NASA clears Boeing Starliner for July 30th test flight to ISS

The craft failed its first uncrewed test flight in 2019.

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A close-up view of the CST-100 Starliner spacecraft while rolling out from Boeings Commercial Cargo and Processing Facility in the pre-dawn hours at the Kennedy Space Center in Cape Canaveral, Florida on July 17, 2021, ahead of its scheduled launch on July 30. (Photo by Gregg Newton / AFP) (Photo by GREGG NEWTON/AFP via Getty Images)
GREGG NEWTON via Getty Images

More than 18 months after its failed first attempt to make it to the International Space Station, Boeing’s Starliner is ready for a second shot. Following a flight readiness review, NASA is moving forward with the craft’s upcoming July 30th uncrewed orbital flight test. Unless there’s an unforeseen delay, the capsule will launch from the Space Force’s Cape Canaveral Station mounted on an Atlas V rocket at 2:53PM ET. Should NASA postpone the flight, it will again attempt to carry out the test on August 3rd at the earliest.

The purpose of the flight is for NASA to conduct an end-to-end test of Starliner’s capabilities. It wants to know if the capsule can handle every aspect of a trip to the ISS, including launch, docking as well as atmospheric re-entry. “[Orbital Flight Test-2] will provide valuable data that will help NASA certify Boeing’s crew transportation system to carry astronauts to and from the space station,” the agency said.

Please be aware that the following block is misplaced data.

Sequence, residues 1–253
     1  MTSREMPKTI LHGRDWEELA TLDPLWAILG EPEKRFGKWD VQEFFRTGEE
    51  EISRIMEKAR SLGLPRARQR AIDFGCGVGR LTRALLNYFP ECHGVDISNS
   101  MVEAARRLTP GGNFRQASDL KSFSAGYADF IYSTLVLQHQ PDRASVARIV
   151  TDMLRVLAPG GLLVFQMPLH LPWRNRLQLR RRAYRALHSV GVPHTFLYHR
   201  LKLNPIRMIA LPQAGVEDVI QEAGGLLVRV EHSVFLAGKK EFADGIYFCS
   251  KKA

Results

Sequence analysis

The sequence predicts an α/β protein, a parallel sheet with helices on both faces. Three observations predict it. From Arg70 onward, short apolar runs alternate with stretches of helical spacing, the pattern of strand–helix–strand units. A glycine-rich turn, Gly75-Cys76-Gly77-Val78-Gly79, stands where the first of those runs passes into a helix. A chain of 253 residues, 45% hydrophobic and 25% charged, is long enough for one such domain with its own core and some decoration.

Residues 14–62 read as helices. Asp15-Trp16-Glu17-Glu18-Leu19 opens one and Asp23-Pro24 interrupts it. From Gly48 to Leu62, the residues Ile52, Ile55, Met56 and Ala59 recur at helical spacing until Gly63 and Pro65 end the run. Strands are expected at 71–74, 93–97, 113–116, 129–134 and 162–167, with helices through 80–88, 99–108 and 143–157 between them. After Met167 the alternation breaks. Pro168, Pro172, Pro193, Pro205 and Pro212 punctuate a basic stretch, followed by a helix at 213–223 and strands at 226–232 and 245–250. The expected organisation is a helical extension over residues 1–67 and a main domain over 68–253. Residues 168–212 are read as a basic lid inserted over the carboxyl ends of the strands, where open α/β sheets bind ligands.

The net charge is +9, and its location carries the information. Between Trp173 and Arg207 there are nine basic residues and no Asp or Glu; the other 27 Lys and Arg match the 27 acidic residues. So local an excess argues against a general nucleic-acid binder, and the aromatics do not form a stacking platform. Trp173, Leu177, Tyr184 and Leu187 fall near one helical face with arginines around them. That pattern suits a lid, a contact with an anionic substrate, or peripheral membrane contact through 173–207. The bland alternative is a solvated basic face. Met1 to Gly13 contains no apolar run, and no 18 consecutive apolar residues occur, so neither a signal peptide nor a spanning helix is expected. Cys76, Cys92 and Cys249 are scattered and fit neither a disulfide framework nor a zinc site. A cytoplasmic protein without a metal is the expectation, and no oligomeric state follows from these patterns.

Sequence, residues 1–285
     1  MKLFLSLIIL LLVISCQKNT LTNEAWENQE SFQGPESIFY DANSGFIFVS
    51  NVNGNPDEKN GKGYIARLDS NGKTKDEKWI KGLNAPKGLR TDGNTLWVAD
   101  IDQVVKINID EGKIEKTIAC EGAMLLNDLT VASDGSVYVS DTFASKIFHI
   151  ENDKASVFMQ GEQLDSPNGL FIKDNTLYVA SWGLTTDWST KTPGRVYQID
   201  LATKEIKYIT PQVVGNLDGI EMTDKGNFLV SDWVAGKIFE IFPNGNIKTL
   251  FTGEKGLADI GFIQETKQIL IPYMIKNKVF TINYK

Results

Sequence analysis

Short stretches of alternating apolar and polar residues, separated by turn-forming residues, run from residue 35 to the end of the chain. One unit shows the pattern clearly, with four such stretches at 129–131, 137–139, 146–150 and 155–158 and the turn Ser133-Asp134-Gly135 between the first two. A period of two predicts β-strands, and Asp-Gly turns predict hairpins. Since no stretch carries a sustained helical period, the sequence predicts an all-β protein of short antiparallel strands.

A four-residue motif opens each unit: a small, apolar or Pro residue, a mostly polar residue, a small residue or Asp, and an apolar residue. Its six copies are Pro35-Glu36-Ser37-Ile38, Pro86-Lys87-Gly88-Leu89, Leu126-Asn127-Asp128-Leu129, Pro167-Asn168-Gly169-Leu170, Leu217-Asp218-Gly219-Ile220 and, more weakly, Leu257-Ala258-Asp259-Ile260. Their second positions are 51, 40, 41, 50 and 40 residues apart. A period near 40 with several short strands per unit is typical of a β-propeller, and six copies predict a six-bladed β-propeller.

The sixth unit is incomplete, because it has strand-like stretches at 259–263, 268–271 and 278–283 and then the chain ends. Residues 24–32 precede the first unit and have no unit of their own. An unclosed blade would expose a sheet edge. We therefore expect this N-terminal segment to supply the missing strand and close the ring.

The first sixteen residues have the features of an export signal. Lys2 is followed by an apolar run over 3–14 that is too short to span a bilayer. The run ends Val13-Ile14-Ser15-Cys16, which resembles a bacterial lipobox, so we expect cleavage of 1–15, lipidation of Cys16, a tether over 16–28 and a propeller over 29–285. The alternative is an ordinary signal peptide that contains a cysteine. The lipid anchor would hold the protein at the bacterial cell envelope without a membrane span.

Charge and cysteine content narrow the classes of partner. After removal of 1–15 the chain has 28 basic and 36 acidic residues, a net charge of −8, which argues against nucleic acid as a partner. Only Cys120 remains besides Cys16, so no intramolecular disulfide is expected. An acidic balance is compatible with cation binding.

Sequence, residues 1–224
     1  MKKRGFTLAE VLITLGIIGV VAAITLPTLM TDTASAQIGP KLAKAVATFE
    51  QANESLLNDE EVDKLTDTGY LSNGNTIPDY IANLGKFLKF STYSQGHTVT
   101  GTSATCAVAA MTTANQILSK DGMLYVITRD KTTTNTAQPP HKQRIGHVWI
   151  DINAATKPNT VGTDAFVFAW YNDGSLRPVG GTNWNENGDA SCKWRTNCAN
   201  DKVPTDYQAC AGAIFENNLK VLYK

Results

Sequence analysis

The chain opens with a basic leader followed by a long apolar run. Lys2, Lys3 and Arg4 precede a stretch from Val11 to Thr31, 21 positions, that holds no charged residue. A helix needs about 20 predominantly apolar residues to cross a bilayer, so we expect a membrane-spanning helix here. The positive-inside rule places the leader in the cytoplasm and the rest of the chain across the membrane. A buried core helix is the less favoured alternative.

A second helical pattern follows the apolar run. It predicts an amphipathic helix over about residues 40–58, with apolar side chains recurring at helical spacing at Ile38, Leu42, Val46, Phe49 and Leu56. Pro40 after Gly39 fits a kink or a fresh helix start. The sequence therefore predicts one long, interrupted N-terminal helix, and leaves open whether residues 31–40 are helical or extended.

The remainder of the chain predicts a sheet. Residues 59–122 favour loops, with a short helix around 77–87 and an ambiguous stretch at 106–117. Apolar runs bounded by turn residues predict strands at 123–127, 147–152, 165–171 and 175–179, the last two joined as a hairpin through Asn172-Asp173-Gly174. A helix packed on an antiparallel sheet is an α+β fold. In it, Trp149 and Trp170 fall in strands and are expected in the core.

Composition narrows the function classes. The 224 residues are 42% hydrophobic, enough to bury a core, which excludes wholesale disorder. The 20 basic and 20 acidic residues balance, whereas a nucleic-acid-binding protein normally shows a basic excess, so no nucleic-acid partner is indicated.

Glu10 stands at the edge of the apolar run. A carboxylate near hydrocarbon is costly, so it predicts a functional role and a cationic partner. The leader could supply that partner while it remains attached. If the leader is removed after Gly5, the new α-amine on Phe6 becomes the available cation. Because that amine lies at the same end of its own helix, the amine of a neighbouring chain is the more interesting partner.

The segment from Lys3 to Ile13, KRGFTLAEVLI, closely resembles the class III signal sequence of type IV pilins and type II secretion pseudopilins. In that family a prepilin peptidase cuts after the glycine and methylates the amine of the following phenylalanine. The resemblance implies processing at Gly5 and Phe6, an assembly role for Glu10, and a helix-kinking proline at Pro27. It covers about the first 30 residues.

If the flight is a success, NASA will move forward with a crewed test of the Starliner. Steve Stich, commercial crew program manager at NASA, said that could happen “as soon as later this year.” Both Boeing and NASA have a lot invested in the viability of Starliner. For the aerospace company, its decision not to conduct an end-to-end test of the craft before its failed 2019 flight left the agency “surprised,” leading to questions about the project. Meanwhile, NASA is keen to have two capsules that can ferry its astronauts to the ISS. Right now, it’s limited to just SpaceX’s Crew Dragon. “It’s very important for the commercial crew program to have two space transportation systems,” Stich told reporters.

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